Full-time Aquatilis Expedition support

Expedition role: Translator; reporter; PR manager; sailor


The Expedition’s journey will cover the whole world and is specifically designed to cover new dive sites which have not previously been explored. It will include:

The route is designed to last three years, including travel, diving work and short breaks in-between. The detailed mapping of specific diving locations includes intricate work with hundreds of scientific sources and experts from all over the world. At the moment, a detailed map of the Expedition’s first leg through the Mediterranean is available.


The three-year journey will be completed on a custom-built, self-sufficient expedition vessel, a yacht called “Aquatilis”. It was built in accordance to Design Category A, making it resistant to winds up to 8 degrees (Beaufort scale) and waves of up to 4 meters. These parameters make it suitable for ocean crossings and adverse weather conditions which may be anticipated during the journey. The yacht is 70 feet long and is fit to carry 8 to 16 people at a time. “Aquatilis” is currently stationed in Marmaris, Turkey and is awaiting repairs, as well as customization work.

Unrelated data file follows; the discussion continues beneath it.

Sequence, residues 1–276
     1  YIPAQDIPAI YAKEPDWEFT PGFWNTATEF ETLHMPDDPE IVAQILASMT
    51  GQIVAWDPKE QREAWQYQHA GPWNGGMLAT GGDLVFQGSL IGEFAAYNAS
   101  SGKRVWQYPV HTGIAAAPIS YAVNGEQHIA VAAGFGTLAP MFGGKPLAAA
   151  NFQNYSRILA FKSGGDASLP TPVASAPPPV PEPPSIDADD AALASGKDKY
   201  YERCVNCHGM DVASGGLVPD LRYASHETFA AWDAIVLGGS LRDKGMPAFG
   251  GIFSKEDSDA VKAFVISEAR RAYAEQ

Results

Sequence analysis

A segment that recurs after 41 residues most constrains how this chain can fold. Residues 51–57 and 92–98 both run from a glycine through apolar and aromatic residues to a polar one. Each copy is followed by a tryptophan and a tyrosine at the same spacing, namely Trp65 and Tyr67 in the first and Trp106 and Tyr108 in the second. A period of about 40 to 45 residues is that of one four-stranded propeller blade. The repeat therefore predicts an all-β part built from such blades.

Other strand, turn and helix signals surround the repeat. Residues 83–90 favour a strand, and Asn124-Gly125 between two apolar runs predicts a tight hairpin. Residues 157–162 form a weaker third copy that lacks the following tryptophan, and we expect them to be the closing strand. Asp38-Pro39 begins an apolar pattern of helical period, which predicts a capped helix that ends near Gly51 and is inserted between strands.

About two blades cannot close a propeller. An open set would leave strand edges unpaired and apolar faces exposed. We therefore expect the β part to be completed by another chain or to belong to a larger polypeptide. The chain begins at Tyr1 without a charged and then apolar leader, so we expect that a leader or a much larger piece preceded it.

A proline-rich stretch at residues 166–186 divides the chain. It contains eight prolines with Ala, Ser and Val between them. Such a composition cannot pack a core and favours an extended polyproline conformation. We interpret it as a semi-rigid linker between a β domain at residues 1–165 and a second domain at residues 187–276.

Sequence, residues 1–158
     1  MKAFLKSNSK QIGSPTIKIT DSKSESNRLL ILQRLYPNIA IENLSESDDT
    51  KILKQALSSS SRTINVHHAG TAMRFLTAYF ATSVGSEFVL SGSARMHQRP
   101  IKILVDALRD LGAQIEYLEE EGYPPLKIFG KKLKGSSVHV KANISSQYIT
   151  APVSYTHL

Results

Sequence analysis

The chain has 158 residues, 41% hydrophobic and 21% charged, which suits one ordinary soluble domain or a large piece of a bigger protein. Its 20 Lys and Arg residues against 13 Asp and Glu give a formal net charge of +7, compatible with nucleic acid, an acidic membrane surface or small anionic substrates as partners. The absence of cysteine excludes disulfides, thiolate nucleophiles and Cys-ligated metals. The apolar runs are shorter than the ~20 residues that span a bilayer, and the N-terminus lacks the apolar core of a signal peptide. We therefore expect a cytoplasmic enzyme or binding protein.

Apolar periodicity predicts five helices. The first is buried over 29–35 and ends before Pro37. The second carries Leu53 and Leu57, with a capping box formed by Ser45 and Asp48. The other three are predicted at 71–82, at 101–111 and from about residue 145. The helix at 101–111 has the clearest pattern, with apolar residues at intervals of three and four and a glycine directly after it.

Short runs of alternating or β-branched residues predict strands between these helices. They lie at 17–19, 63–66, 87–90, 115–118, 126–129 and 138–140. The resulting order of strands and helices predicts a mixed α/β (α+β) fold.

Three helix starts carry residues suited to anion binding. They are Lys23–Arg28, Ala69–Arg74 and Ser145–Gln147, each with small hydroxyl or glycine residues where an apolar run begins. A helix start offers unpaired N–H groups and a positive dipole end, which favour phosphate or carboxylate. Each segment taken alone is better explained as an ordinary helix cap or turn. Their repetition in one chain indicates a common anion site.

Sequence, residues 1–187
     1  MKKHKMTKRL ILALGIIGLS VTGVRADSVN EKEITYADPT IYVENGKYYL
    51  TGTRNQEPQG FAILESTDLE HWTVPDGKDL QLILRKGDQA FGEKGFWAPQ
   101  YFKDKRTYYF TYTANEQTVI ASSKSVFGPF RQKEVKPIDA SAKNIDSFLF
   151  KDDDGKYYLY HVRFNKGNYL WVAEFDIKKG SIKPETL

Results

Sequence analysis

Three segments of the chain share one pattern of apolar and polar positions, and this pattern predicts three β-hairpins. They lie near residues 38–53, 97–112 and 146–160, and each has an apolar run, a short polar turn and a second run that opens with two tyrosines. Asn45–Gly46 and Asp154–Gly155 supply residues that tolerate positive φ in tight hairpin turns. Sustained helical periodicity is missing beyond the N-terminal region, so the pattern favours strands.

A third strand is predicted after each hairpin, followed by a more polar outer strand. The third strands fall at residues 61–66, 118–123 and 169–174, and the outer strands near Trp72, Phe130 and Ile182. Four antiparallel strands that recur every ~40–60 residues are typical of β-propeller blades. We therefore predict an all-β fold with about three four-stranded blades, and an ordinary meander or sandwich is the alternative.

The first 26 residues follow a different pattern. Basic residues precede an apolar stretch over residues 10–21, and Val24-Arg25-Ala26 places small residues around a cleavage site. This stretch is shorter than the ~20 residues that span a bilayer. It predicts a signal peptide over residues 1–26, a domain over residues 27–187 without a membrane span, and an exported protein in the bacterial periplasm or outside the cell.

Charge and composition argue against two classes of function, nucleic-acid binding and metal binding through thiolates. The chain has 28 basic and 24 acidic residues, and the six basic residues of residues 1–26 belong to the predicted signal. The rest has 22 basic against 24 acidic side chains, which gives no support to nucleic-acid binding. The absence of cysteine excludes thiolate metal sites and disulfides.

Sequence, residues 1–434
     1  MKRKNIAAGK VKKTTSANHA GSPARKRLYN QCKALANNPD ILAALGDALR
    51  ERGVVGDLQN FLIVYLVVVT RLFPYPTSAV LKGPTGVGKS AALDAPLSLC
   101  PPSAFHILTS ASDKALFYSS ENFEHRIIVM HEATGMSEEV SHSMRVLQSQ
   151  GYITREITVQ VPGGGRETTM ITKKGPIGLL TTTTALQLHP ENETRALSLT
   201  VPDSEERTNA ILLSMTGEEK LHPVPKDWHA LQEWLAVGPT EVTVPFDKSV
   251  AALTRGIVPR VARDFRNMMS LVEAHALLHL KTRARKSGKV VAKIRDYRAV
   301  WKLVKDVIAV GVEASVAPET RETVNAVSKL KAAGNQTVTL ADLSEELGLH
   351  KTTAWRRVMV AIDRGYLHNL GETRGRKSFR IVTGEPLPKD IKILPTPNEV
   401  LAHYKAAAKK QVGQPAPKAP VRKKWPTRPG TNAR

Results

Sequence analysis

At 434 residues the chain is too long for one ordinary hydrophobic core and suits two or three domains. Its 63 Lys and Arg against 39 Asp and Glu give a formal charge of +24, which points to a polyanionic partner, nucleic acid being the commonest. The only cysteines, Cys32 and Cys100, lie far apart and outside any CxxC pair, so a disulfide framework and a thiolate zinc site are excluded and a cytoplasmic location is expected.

Current Status

Team Aquatilis is currently engaged several tasks: finalizing details of their route and identifying key diving locations; designing a custom-built remotely-operated underwater robot for photography; researching gelatinous plankton; studying sailing; building up their online presence through social media.

The voyage will be partially financed through crowd funding. The bar is set at $1,500,000, a sum which will allow the team to complete all the necessary preparations and set sail in 2015 – everyone is welcome to support the project on Indiegogo.

Images from the expedition will be posted on Flickr.